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This version of jook is fully loaded, but feel free to dial it back using what you already have on hand.

Thomas Girard

It's March and the chilly weather just won't quit. Spring is so close I can almost taste it, but I'm starting to get the feeling there might still be a couple more weeks of scarves and layers. At times like this, I turn to comforting foods to lift my spirits.

Comfort food to me is usually a grilled cheese or even a bowl of spaghetti the way my grand-mère used to make it, dishes I ate often growing up and feel very comfortable making. But in an attempt to change things up a bit at home recently and keep my creative juices flowing, I have been exploring other restorative recipes. Jook, or congee as it is also known, is one of those recipes and it might just be my new ultimate cure for what ails me.

A well-seasoned ginger and chicken-broth-infused rice porridge that could rival even the homiest of chicken noodle soups, jook is easy on the stomach and versatile to boot. Often consumed as simple breakfast fare, what I especially love about this dish is just how easily it pairs with all kinds of different toppings, making it flexible and adaptable to any meal of the day. Some of the gold-standard accompaniments for a more traditional Chinese version might include chopped salted peanuts, toasted sesame oil and sliced green onions, but as rice porridges are enjoyed in many countries around the globe (India, Singapore, the Philippines and Portugal, to name a few) there is literally a world of topping combinations at your fingertips.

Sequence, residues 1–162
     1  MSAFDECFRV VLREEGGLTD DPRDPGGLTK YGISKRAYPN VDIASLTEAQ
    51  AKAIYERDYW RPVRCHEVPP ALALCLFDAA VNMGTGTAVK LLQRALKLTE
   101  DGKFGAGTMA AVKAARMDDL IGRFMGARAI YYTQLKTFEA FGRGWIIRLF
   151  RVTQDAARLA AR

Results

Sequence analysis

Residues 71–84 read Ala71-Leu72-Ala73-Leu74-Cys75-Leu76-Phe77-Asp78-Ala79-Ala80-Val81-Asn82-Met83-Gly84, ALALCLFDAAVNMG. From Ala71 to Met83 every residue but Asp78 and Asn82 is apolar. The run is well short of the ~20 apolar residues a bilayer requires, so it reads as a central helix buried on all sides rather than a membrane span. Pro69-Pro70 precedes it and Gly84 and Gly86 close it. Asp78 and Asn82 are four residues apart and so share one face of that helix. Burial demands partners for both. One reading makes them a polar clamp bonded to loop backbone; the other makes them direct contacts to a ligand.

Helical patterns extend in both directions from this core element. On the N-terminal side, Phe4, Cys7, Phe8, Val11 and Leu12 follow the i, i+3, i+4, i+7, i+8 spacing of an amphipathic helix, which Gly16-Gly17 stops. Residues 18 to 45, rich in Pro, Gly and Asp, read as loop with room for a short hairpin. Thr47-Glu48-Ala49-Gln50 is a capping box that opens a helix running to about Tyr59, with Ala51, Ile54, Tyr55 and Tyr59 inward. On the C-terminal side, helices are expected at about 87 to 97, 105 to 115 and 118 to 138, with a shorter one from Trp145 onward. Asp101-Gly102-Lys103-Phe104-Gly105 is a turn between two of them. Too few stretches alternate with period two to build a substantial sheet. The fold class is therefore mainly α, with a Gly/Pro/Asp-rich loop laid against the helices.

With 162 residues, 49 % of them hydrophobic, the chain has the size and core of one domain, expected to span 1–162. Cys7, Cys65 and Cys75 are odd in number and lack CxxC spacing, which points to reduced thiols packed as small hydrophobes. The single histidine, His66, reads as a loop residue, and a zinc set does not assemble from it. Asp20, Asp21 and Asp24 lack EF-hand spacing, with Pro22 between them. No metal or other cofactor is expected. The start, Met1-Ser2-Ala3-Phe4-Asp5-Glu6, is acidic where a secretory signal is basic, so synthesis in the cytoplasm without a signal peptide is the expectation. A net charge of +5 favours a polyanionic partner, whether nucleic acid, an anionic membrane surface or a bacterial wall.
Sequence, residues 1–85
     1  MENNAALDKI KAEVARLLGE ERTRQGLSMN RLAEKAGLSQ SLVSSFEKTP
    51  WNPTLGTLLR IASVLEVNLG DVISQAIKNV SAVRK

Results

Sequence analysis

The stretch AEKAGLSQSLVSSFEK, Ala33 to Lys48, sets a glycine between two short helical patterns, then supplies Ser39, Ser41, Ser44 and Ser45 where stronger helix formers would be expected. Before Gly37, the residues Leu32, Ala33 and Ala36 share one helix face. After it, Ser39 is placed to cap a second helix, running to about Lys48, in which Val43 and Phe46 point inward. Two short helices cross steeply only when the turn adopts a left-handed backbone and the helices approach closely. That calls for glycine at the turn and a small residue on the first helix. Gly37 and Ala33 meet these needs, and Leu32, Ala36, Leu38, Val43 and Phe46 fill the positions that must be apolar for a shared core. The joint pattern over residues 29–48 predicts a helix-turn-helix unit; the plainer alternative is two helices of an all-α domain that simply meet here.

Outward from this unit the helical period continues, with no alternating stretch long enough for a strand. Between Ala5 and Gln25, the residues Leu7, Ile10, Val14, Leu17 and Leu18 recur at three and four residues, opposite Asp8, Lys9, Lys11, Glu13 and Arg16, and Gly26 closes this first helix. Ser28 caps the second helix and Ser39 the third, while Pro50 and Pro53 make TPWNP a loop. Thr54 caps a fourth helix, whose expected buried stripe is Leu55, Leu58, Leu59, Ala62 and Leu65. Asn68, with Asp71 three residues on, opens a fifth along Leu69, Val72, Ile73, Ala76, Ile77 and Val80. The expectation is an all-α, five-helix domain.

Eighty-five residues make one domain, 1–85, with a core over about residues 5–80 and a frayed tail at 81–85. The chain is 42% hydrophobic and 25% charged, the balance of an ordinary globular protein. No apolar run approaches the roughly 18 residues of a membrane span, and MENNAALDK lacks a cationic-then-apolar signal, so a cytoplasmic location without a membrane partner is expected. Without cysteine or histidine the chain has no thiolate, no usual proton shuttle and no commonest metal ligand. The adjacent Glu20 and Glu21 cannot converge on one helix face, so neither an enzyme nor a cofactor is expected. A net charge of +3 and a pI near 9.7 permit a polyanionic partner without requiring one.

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You might think I've gone a little overboard with this fully loaded version, but there really are no rules. Dive in ambitiously as I have or dial it back using what you already have on hand.

And a quick tip for the chili soy: The longer the chilies stay in the soy, the spicier this sauce will be. Remove the seeds from the chilies before slicing to tone down the spice a bit if you prefer.

Recipe: Fully loaded jook

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